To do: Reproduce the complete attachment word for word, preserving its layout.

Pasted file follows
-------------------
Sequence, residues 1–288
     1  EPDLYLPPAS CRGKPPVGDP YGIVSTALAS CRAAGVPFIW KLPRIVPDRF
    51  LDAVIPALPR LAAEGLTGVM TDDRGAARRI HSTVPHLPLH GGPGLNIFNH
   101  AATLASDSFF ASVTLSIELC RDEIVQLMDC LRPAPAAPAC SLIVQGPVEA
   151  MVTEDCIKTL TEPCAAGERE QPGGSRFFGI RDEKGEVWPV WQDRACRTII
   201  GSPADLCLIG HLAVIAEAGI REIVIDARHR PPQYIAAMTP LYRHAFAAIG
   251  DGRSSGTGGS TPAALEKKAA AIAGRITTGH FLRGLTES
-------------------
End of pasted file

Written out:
Sequence, residues 1–288
     1  EPDLYLPPAS CRGKPPVGDP YGIVSTALAS CRAAGVPFIW KLPRIVPDRF
    51  LDAVIPALPR LAAEGLTGVM TDDRGAARRI HSTVPHLPLH GGPGLNIFNH
   101  AATLASDSFF ASVTLSIELC RDEIVQLMDC LRPAPAAPAC SLIVQGPVEA
   151  MVTEDCIKTL TEPCAAGERE QPGGSRFFGI RDEKGEVWPV WQDRACRTII
   201  GSPADLCLIG HLAVIAEAGI REIVIDARHR PPQYIAAMTP LYRHAFAAIG
   251  DGRSSGTGGS TPAALEKKAA AIAGRITTGH FLRGLTES